from The American Heritage® Dictionary of the English Language, 4th Edition
- n. The act or practice of envisioning things in an ideal form.
- n. Pursuit of one's ideals.
- n. Idealized treatment of a subject in literature or art.
- n. Philosophy The theory that the object of external perception, in itself or as perceived, consists of ideas.
from Wiktionary, Creative Commons Attribution/Share-Alike License
- n. The property of a person of having high ideals that are usually unrealizable or at odds with practical life.
- n. An approach to philosophical enquiry which asserts that direct and immediate knowledge can only be had of ideas or mental pictures.
from the GNU version of the Collaborative International Dictionary of English
- n. The quality or state of being ideal.
- n. Conception of the ideal; imagery.
- n. The system or theory that denies the existence of material bodies, and teaches that we have no rational grounds to believe in the reality of anything but ideas and their relations.
- n. The practice or habit of giving or attributing ideal form or character to things; treatment of things in art or literature according to ideal standards or patterns; -- opposed to
- n. a belief in the feasibility of the implementation of ideal principles and noble goals, and the practice or habit of pursuing such goals; -- opposed to
from The Century Dictionary and Cyclopedia
- n. The metaphysical doctrine that the real is of the nature of thought; the doctrine that all reality is in its nature psychical.
- n. Pursuit of the ideal; the act or practice of idealizing; especially, imaginative treatment of subjects; a striving after ideal beauty, truth, justice, etc.
- n. In art, the effort to realize the highest type of any natural object by eliminating all its imperfect elements and combining the perfect into a whole which represents Nature, not as she is exhibited in any one example, but as she might be.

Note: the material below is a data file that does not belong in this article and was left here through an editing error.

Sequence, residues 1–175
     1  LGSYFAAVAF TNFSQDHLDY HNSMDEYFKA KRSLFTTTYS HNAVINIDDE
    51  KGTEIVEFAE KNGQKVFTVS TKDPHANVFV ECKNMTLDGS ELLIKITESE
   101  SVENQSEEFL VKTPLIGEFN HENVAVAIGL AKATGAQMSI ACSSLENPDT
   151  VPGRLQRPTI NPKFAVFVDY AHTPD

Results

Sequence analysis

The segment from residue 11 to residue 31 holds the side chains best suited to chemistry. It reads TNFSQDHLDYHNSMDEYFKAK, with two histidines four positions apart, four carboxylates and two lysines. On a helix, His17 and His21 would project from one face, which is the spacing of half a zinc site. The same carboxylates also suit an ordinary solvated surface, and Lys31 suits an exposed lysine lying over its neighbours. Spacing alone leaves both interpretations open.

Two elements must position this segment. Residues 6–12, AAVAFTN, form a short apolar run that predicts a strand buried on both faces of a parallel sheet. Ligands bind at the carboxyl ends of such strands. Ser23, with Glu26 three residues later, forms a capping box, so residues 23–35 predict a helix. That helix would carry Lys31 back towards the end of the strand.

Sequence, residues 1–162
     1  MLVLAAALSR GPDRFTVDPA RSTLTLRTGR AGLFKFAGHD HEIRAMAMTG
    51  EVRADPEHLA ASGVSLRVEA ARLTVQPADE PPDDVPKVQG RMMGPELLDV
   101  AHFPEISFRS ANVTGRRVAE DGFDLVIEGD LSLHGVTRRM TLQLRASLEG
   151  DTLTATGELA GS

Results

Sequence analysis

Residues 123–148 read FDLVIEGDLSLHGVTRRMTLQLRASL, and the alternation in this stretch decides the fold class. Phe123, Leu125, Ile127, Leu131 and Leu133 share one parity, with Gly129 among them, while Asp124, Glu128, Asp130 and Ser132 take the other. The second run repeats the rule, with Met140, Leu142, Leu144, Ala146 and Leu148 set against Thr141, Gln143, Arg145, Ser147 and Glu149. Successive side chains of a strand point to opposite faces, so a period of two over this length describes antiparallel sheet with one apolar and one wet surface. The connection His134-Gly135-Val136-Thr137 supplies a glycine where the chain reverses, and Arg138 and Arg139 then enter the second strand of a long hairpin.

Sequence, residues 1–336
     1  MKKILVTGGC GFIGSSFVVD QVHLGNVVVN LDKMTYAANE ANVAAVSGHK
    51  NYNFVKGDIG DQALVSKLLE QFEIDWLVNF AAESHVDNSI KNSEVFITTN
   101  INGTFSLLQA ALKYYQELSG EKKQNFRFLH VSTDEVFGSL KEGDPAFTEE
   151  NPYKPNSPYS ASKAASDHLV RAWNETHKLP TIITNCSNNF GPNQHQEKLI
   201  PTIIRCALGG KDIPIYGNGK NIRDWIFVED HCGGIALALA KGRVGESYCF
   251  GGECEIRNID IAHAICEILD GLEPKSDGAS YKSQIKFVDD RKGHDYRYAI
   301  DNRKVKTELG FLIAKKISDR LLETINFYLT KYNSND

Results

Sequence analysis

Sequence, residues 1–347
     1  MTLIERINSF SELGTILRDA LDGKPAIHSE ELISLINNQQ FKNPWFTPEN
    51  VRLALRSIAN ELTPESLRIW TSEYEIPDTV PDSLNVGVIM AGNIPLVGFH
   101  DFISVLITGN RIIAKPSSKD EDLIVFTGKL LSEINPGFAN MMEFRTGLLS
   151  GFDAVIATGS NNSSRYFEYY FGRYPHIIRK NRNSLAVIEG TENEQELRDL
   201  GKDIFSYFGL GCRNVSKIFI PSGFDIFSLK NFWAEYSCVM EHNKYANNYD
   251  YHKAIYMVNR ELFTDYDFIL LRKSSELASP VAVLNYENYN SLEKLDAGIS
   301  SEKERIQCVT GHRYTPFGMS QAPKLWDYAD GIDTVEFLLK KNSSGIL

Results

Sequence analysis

from WordNet 3.0 Copyright 2006 by Princeton University. All rights reserved.
- n. (philosophy) the philosophical theory that ideas are the only reality
- n. impracticality by virtue of thinking of things in their ideal form rather than as they really are
- n. elevated ideals or conduct; the quality of believing that ideals should be pursued
We suspect that, for most people, the difference between self-congratulatory idealism and admirable idealism comes down to this: If the idealism is about something that is safely in the past or safely far away and has nothing to do with me, it's admirable, or at least harmless; if it does have something to do with me and my behavior, then it must be judgmental and self-congratulatory.
Corresponding to this individualistic tendency on the part of absolute idealism, there has been recently projected a _personal idealism_, or
That's what they call idealism; the word's vastly abused, but the thing is good.
She mis-guessed my age though admitted it was what she called my "idealism" that led to the error.
This kind of idealism is very troubling it can to lead to uncivil rest.
After Jess drops out of school and finds herself living on a commune, the last of her youthful idealism is worn away by how easy it is for peace loving pacifists fall into patriarchal roles once some smell the scent of power.
Or maybe idealism is correct, in which case – no matter, or at least it's radically different from the common perception.
In real life, however, Zuckerberg wants us to believe that his world-changing idealism is behind his work on the social network.
Because the beauty elicits from us a certain idealism that improves the world in which we live and gives us as glimpse of something glorious and eternal.
It borders on being treasonous, does more damage to the US than any terrorist organization has ever dared dream of doing, and ought to be summarily deported to some other landmass where its idealism is more appropriate.